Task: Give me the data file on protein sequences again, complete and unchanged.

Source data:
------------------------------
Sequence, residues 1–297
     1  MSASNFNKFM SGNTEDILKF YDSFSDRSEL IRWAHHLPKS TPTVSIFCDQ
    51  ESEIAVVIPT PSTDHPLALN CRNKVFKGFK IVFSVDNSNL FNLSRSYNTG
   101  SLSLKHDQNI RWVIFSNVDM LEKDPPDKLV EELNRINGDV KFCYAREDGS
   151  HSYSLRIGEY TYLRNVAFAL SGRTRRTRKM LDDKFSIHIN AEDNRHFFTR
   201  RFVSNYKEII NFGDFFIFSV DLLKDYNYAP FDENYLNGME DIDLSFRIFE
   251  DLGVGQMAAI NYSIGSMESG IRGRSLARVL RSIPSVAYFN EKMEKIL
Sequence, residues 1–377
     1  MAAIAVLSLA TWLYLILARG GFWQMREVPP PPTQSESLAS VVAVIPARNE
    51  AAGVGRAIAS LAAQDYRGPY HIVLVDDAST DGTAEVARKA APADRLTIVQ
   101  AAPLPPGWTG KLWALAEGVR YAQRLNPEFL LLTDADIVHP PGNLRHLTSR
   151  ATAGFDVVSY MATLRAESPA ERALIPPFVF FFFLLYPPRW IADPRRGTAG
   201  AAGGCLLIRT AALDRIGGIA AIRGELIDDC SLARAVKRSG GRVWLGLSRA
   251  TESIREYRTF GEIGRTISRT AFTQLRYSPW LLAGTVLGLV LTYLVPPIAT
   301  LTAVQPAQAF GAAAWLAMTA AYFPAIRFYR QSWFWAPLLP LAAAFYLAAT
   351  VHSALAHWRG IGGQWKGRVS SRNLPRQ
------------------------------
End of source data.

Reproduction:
Sequence, residues 1–297
     1  MSASNFNKFM SGNTEDILKF YDSFSDRSEL IRWAHHLPKS TPTVSIFCDQ
    51  ESEIAVVIPT PSTDHPLALN CRNKVFKGFK IVFSVDNSNL FNLSRSYNTG
   101  SLSLKHDQNI RWVIFSNVDM LEKDPPDKLV EELNRINGDV KFCYAREDGS
   151  HSYSLRIGEY TYLRNVAFAL SGRTRRTRKM LDDKFSIHIN AEDNRHFFTR
   201  RFVSNYKEII NFGDFFIFSV DLLKDYNYAP FDENYLNGME DIDLSFRIFE
   251  DLGVGQMAAI NYSIGSMESG IRGRSLARVL RSIPSVAYFN EKMEKIL
Sequence, residues 1–377
     1  MAAIAVLSLA TWLYLILARG GFWQMREVPP PPTQSESLAS VVAVIPARNE
    51  AAGVGRAIAS LAAQDYRGPY HIVLVDDAST DGTAEVARKA APADRLTIVQ
   101  AAPLPPGWTG KLWALAEGVR YAQRLNPEFL LLTDADIVHP PGNLRHLTSR
   151  ATAGFDVVSY MATLRAESPA ERALIPPFVF FFFLLYPPRW IADPRRGTAG
   201  AAGGCLLIRT AALDRIGGIA AIRGELIDDC SLARAVKRSG GRVWLGLSRA
   251  TESIREYRTF GEIGRTISRT AFTQLRYSPW LLAGTVLGLV LTYLVPPIAT
   301  LTAVQPAQAF GAAAWLAMTA AYFPAIRFYR QSWFWAPLLP LAAAFYLAAT
   351  VHSALAHWRG IGGQWKGRVS SRNLPRQ